World Championship Notes
In the end, it was a bit of a shmozzle for Team Russia. Sudnay’s IIHF World Championship gold medal game, a classic match-up between the defending-champion Russians and the Canadian team, petered out in a 6-1 victory for the Canucks, and the final shot count of 37-12 for Canada tells us that the result was fair on the day. Team Russia’s disappointment at the end was bitter and palpable; only Alexander Ovechkin, Yevgeny Malkin (scorer of his team’s lone consolation goal in the game), Dmitry Kulikov, and Viktor Tikhonov hung about to hear the Canadian anthem played. It appears, at this point, that there will be consequences for that early departure, too. So what happened, and what should the folks in charge of Russian hockey take away from the games in Prague and Ostrava?
Russia opened the tournament a couple of weeks ago with comfortable victories over Norway (6-2) and Slovenia (5-3, in a game that wasn’t that close), before facing their first major test, against the United States. It was a tight one, with the Americans coming out on top by four goals to two, the last of them scored into an empty Russian net with nine seconds to play. Russia regrouped in time for a tidy 5-2 win over Denmark, then followed that with a 7-0 hammering of Belarus. Next up was Team Slovakia, and they proved to be a handful, with Russia needing an overtime goal from Artemy Panarin to prevail 3-2. The final group game, against Finland, also went to extra time, but this time it was the Finns who won out, taking it 3-2 in a shootout. So Russia ended the group stage at 4-1-1-1, good for third place in Group B behind the U.S.A. and Finland.
On to the medal round then, and a quarterfinal date with Sweden, who had finished second in Group A. It was a thriller — Russia bounded out to a 3-0 lead, only to see the Swedes claw their way back and tie it with five minutes to play in the third. That situation lasted only a few seconds, though, before Malkin restored the Russian lead, and Vladimir Tarasenko’s empty-netter sealed a 5-3 victory and a rematch against the Americans in the semifinal. That game, too, was a great one, as goalies Sergei Bobrovsky and Connor Hellebuyck traded spectacular saves and the score remained 0-0 as the third period reached its halfway point. Finally, Sergei Mozyakin forced a bullet of a wrist shot past Hellebuyck, followed shortly by the 2-0 goal courtesy of Ovechkin, who had just arrived after the Washington Capitals’ elimination from the NHL playoffs. Vadim Shipachyov and Malkin added late tallies, making the final score a somewhat unjust (to Hellebuyck, at least) 4-0. Two difficult victories achieved, and a ticket to the gold medal game.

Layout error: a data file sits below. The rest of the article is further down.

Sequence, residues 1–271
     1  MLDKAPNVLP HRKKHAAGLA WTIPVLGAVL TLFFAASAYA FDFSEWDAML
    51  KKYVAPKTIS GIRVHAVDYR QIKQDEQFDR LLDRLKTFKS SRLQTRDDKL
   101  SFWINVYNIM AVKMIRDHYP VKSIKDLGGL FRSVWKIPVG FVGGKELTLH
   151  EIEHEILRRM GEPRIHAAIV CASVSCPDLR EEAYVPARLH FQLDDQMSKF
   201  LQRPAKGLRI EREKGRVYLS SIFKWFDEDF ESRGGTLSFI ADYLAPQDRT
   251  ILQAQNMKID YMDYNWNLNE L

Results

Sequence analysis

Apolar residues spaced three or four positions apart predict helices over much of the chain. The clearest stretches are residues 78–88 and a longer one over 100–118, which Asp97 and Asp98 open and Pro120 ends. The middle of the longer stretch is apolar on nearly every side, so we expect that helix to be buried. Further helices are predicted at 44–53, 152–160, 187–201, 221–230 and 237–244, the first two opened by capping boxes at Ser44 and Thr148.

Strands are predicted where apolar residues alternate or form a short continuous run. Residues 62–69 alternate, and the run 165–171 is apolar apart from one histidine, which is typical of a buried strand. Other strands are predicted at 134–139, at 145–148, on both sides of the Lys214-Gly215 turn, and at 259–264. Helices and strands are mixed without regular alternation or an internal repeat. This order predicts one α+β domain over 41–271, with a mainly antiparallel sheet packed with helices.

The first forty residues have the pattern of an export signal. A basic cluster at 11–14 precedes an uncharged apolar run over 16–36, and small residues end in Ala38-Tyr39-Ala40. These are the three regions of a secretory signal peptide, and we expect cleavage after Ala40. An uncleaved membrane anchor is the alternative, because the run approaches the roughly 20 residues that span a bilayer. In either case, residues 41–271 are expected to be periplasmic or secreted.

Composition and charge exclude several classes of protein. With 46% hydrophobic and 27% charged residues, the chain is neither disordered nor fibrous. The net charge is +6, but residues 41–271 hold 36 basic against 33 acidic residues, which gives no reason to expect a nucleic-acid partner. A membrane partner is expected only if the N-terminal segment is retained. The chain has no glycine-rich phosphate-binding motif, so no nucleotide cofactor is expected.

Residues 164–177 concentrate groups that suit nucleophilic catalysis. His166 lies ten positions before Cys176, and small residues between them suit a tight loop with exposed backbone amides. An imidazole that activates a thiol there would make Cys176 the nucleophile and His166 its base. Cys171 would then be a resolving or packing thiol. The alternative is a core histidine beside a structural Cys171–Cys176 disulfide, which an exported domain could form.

We know how it ended. Canada led 1-0 after the first period, but the shots were 15-5 at that point, and things got worse from there on in. Three Canadian goals in the first ten minutes of the second frame ended the game as a competitive endeavour, and it was 6-0 by the time Malkin broke Mike Smith’s shutout as the third period wound down. While head coach Oļegs Znaroks had a point when he commented, a tad defensively, that “silver is also a medal,” it was a sad way for Team Russia to wrap up the competition.